In future posts, I’ll explore how these things tend to play out in the classroom as we work our ways through the two volumes of Hollinger & Capper.

6 Thoughts on this Post

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  1. Sounds like a great couple of courses, Ben.

    U.S. intellectual history not being my field, I’m not familiar with the Hollinger/Capper volumes, and when I say “not familiar” I mean that, as far as I can recall, I’ve never laid eyes or hands on them. I’m sure they’re very well done. That said, I’m wondering if you have thoughts about the trade-offs, if any, between the reading of selections and the reading of longer texts. In courses of this kind, I can see why selections would be the way to go, but am just wondering if you have any thoughts on that question.

    The points made in your introductory remarks seem right. Beyond that, I’m wondering if you make any introductory remarks of a thematic kind. Or do the connecting themes, to the extent they can be identified, just emerge more naturally from the readings, the editors’ own introductions, etc.? Also, how much emphasis is given to the historical context of the readings and who is responding to whom among their contemporaries, and is context treated as somehow determinative (e.g., in the Quentin Skinner, if I can stereotype or oversimplify, sense) or just as something that it’s helpful to know? Maybe you’re planning to go into all this in the future posts.

    • Excellent comments (and questions) Louis!

      Two responses:

      First, though the Hollinger & Capper volumes include excerpts from larger works, a large majority of the pieces in them are shorter works rather than such excerpts. (Here‘s the table of contents for Volume II to give you a sense of this.) I agree wholeheartedly that reading a whole work is almost always better than reading an excerpt and one of the things I like about these volumes is their preference for whole works. Still, whole shorter works can’t substitute for whole longer works. But there’s only so much one can read in a week or even a semester.

      Second, as I think I suggest in the above post, putting the works in their historical context is an important part of what I do with them, but I try hard not to simply confine them to that context (which is why I tell my students to also read them as “living texts”). I do think that a certain amount of context is necessary to understand any text. But I don’t believe — nor do I teach my students to believe — that context exhausts a text’s meaning in any way. And, yes, I hope to discuss the specifics of some of these things in my future posts on teaching these books.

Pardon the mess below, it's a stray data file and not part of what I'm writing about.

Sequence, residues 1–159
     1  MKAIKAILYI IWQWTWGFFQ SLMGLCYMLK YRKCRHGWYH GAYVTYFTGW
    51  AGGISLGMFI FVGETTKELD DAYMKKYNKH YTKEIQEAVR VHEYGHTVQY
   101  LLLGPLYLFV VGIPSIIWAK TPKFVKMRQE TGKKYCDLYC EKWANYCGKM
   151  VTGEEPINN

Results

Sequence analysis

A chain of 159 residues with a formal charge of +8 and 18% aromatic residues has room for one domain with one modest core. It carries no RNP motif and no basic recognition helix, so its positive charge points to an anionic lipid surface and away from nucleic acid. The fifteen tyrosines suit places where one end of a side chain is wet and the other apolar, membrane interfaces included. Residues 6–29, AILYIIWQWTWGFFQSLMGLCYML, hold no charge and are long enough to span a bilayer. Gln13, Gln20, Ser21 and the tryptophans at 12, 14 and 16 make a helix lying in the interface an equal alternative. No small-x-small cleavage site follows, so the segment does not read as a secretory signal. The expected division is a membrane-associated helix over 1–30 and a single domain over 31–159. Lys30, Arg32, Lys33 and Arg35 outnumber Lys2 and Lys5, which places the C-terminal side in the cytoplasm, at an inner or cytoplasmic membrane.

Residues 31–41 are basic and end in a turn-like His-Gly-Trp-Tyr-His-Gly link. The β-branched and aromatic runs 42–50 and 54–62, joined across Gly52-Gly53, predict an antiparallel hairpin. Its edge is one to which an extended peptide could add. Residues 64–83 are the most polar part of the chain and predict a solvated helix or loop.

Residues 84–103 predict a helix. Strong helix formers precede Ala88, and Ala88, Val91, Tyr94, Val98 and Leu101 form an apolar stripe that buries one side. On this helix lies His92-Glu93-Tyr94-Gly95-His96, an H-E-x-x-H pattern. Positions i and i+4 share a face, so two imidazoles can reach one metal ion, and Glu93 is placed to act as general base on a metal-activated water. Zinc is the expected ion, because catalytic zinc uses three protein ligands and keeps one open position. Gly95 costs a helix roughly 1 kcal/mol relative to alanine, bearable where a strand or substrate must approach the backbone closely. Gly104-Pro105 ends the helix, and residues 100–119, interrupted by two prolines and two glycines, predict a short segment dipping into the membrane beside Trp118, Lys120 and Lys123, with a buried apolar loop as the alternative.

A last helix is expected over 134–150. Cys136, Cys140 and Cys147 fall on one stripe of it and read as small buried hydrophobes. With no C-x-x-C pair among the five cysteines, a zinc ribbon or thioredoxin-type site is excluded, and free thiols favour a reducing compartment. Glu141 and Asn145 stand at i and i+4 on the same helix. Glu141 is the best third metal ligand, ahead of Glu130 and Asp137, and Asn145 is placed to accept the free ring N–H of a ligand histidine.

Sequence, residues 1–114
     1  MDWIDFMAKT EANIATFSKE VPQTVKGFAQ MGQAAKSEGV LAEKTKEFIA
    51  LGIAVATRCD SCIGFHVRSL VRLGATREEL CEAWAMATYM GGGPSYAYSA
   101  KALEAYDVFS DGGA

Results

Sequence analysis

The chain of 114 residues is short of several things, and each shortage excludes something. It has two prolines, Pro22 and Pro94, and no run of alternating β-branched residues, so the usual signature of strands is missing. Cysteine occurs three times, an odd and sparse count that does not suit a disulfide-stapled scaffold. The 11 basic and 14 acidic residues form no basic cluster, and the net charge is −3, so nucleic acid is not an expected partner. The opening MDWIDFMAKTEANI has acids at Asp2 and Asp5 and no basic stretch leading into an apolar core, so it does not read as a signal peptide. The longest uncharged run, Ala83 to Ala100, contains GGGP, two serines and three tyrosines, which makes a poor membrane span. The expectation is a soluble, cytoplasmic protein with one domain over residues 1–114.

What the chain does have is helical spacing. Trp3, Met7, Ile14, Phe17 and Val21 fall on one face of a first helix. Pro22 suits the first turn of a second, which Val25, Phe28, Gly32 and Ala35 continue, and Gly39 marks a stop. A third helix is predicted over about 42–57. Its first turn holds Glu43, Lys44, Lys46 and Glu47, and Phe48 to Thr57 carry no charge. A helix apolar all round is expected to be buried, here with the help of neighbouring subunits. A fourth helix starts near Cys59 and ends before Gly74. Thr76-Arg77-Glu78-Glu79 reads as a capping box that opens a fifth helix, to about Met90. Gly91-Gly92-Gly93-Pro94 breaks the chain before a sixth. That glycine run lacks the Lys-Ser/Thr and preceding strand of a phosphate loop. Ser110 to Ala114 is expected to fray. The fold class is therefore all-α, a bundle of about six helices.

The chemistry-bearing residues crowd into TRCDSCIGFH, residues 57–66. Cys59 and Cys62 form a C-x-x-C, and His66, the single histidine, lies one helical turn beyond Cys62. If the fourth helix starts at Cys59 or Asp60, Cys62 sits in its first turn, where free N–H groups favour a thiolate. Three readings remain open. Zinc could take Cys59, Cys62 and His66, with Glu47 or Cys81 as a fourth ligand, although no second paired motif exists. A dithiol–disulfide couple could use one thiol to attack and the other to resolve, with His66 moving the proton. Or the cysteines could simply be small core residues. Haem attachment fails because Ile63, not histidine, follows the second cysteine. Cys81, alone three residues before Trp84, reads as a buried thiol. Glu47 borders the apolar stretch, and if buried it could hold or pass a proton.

• Thanks, Ben, that’s v. helpful (esp. the table of contents link). Look forward to the future posts.

  2. Thanks for this series, Ben, it’s always good to see what works in the undergraduate classroom. From the standpoint of teaching in public history, I’ve used volume I to distill and outline shifts in American thought and culture from the Declaration to disunion. The extracted primary sources (some of which we can show!) coordinate well with related artifacts and situate the lives of prominent early Americans in better context. I’ll look forward to your series, and I have a challenge idea for your students: Rather than an essay, how would they create an exhibit to “show and tell” aspects of the American intellectual tradition? What would a museum of American intellectual history look, sound, and feel like?

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S-USIH Comment Policy

We ask that those who participate in the discussions generated in the Comments section do so with the same decorum as they would in any other academic setting or context. Since the USIH bloggers write under our real names, we would prefer that our commenters also identify themselves by their real name. As our primary goal is to stimulate and engage in fruitful and productive discussion, ad hominem attacks (personal or professional), unnecessary insults, and/or mean-spiritedness have no place in the USIH Blog’s Comments section. Therefore, we reserve the right to remove any comments that contain any of the above and/or are not intended to further the discussion of the topic of the post. We welcome suggestions for corrections to any of our posts. As the official blog of the Society of US Intellectual History, we hope to foster a diverse community of scholars and readers who engage with one another in discussions of US intellectual history, broadly understood.